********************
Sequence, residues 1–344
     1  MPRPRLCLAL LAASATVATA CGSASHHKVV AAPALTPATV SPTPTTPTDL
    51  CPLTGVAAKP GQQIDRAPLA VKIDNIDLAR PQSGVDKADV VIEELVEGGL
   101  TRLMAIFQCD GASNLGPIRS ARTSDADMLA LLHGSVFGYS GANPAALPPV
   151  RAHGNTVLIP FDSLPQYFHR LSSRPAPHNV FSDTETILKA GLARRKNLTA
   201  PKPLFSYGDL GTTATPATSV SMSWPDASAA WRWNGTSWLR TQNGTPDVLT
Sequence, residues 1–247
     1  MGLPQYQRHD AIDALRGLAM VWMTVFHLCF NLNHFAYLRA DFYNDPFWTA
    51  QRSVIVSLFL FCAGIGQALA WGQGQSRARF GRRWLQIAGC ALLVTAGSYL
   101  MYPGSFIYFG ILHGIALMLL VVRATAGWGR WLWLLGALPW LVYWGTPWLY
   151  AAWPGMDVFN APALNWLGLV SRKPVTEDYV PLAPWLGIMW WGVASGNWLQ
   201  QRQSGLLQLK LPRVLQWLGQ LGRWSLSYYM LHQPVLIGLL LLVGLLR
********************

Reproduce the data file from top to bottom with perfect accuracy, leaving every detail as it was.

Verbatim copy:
Sequence, residues 1–344
     1  MPRPRLCLAL LAASATVATA CGSASHHKVV AAPALTPATV SPTPTTPTDL
    51  CPLTGVAAKP GQQIDRAPLA VKIDNIDLAR PQSGVDKADV VIEELVEGGL
   101  TRLMAIFQCD GASNLGPIRS ARTSDADMLA LLHGSVFGYS GANPAALPPV
   151  RAHGNTVLIP FDSLPQYFHR LSSRPAPHNV FSDTETILKA GLARRKNLTA
   201  PKPLFSYGDL GTTATPATSV SMSWPDASAA WRWNGTSWLR TQNGTPDVLT
Sequence, residues 1–247
     1  MGLPQYQRHD AIDALRGLAM VWMTVFHLCF NLNHFAYLRA DFYNDPFWTA
    51  QRSVIVSLFL FCAGIGQALA WGQGQSRARF GRRWLQIAGC ALLVTAGSYL
   101  MYPGSFIYFG ILHGIALMLL VVRATAGWGR WLWLLGALPW LVYWGTPWLY
   151  AAWPGMDVFN APALNWLGLV SRKPVTEDYV PLAPWLGIMW WGVASGNWLQ
   201  QRQSGLLQLK LPRVLQWLGQ LGRWSLSYYM LHQPVLIGLL LLVGLLR